A 21-year-old woman presents for her well-woman examination. She has been followed by her provider for many years and has no complaints. She has been sexually active for a little more than 2 years with one mutually monogamous partner. She does not smoke, has never had a sexually transmitted disease (STD), and uses oral contraceptive pills for contraception. On speculum examination, her cervix appears normal (Figure 90-1) and a Papanicolaou (Pap) test is performed.
Normal cervix as seen through a colposcope without the application of vinegar. The red color around the os is produced by columnar cells and the lighter pink on the remainder of the cervix result from normal squamous cells. The presence of visible columnar cells outside the internal os is called ectropion and is a normal finding in young women and women on estrogen-containing contraception. The junction between the two cell types and colors is the squamo-columnar junction. (Reproduced with permission from E.J. Mayeaux, Jr., MD.)
The colposcope is an optical instrument using light and magnification that helps distinguish dysplasia and cancer from benign cervical and vaginal findings (Figure 90-2). Colposcopy (colpo: vagina; scope: to look) literally means to look into the vagina. Primary indications for colposcopy include certain abnormal Pap test results or an abnormal appearing cervix. Colposcopically directed biopsies have a higher yield than biopsies done without the benefit of a colposcope, thereby decreasing the risk of false-negative biopsies.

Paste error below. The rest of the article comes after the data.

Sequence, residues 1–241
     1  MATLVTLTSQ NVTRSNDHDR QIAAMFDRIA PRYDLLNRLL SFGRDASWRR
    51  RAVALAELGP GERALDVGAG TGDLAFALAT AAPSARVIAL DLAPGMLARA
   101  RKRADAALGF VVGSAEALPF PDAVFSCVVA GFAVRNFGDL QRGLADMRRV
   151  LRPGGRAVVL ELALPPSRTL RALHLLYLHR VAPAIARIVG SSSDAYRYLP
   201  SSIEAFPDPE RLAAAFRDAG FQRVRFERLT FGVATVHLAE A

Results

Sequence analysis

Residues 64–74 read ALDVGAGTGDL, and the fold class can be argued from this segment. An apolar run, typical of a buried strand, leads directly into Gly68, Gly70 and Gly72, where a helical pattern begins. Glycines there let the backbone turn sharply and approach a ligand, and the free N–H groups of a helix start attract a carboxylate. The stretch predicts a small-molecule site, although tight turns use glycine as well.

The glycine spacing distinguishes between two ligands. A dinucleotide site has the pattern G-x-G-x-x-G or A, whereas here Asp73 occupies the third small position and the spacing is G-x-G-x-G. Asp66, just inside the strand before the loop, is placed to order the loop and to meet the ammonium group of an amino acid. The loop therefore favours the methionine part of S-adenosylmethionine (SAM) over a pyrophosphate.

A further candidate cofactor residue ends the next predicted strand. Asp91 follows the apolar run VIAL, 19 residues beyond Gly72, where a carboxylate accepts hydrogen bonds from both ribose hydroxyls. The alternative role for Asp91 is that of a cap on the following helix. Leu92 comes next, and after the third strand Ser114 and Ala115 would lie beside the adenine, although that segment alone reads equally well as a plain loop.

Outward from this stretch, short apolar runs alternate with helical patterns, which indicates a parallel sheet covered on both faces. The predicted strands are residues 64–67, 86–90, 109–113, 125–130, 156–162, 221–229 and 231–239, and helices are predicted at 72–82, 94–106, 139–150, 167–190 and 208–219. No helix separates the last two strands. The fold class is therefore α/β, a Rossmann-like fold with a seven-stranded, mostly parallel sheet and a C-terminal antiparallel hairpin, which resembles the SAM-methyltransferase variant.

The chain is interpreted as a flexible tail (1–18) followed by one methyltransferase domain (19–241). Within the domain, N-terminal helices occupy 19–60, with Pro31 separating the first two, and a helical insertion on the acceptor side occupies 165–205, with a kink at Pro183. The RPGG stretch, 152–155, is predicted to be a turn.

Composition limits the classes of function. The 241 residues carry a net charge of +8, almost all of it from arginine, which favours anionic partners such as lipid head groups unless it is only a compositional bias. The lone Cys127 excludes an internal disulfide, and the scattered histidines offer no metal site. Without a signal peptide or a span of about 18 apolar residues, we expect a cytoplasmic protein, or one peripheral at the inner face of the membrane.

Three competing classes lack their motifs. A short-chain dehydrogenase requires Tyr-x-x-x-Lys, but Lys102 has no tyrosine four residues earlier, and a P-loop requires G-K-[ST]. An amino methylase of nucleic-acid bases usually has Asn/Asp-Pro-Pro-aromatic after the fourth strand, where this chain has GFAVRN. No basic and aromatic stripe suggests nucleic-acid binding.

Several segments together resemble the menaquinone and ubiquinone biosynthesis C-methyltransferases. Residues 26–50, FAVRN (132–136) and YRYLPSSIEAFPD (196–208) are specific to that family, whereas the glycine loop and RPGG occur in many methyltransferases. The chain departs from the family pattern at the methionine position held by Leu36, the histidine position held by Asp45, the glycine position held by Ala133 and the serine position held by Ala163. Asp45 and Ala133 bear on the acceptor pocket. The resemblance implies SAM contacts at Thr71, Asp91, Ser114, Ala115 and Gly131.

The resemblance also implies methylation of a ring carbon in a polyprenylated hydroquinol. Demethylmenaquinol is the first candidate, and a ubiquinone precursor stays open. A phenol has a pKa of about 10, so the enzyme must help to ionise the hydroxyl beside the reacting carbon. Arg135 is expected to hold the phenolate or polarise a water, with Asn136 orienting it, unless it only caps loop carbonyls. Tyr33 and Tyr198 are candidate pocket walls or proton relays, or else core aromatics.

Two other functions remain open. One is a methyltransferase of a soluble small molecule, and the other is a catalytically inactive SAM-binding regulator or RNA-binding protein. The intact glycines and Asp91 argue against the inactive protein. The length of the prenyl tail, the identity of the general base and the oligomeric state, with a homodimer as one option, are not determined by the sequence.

The family physician is looking at the cervix directly through the colposcope lenses, and the image is also visible on the monitor for learners and/or the patient to see. (Reproduced with permission from E.J. Mayeaux, Jr., MD.)
Colposcopy is the diagnostic test to evaluate patients with an abnormal cervical screening test (cytology and/or human papillomavirus high-risk HPV [HR-HPV] testing) or abnormal-appearing cervix. The Papanicolaou test (Pap smear, Pap test) is a commonly employed screening test for dysplasia and cancer of the vagina and uterine cervix. More than 50 million Pap tests are performed each year in the United States.1 The Pap test is a cytologic examination of cells taken from the cervical transformation zone (Figures 90-3 and 90-4) with or without a HR-HPV test.
Nabothian cysts are common and benign and are considered a normal feature of the adult cervix. They may occur singly, or multiple cysts may be found simultaneously (Figures 90-4 and 90-5).2
Infections of the lower ...